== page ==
Still Alice

Lisa Genova, Author
Lisa Genova, Author . Pocket $15 (293p) ISBN 978-1-4391-0281-7
Reviewed on: 10/20/2008
Release date: 01/01/2009
Downloadable Audio - 978-1-4561-0995-0
Book - 978-0-7435-8148-6
Mass Market Paperbound - 400 pages - 978-1-5011-0773-3
Paperback - 304 pages - 978-957-32-6660-0
Paperback - 304 pages - 978-0-595-44009-2
Hardcover - 429 pages - 978-1-59722-939-5
Hardcover - 429 pages - 978-1-4084-2943-3
Compact Disc - 7 pages - 978-0-7435-8325-1
Hardcover - 429 pages - 978-1-4084-2944-0
Hardcover - 978-1-921470-27-1
Open Ebook - 320 pages - 978-1-4391-5703-9
Open Ebook - 978-0-595-88330-1
Hardcover - 320 pages - 978-1-4391-1688-3
Paperback - 387 pages - 978-1-84983-842-9
Mass Market Paperbound - 336 pages - 978-1-4391-7004-5
Compact Disc - 7 pages - 978-1-4423-3620-9
Paperback - 293 pages - 978-1-84737-523-0
Ebook - 336 pages - 978-1-84983-371-4
Paperback - 293 pages - 978-1-84739-624-2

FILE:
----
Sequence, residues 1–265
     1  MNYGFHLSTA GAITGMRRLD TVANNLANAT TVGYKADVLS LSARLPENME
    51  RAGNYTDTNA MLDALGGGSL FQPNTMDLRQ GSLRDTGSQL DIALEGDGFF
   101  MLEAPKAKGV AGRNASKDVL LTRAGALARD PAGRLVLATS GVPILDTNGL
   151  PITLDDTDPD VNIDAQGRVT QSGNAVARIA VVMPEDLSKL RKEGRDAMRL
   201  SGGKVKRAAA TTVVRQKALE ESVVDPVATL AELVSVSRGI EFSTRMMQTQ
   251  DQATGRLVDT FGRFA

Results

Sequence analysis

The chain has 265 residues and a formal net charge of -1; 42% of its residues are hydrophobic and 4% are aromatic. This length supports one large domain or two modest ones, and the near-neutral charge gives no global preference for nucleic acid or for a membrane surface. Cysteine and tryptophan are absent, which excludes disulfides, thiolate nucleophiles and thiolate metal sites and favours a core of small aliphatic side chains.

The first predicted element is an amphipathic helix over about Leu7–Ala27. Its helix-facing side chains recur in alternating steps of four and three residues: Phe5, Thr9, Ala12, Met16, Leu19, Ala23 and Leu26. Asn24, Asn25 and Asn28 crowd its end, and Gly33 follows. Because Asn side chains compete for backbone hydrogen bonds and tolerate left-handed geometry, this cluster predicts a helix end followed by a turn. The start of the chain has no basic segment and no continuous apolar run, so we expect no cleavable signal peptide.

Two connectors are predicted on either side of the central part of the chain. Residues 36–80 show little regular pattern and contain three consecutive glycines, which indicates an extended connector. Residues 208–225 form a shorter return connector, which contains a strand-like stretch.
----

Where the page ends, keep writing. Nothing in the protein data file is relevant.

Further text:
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Neuroscientist and debut novelist Genova mines years of experience in her field to craft a realistic portrait of early onset Alzheimer's disease. Alice Howland has a career not unlike Genova's—she's an esteemed psychology professor at Harvard, living a comfortable life in Cambridge with her husband, John, arguing about the usual (making quality time together, their daughter's move to L.A.) when the first symptoms of Alzheimer's begin to emerge. First, Alice can't find her Blackberry, then she becomes hopelessly disoriented in her own town. Alice is shocked to be diagnosed with early onset Alzheimer's (she had suspected a brain tumor or menopause), after which her life begins steadily to unravel. She loses track of rooms in her home, resigns from Harvard and eventually cannot recognize her own children. The brutal facts of Alzheimer's are heartbreaking, and it's impossible not to feel for Alice and her loved ones, but Genova's prose style is clumsy and her dialogue heavy-handed. This novel will appeal to those dealing with the disease and may prove helpful, but beyond the heartbreaking record of illness there's little here to remember. (Jan.)

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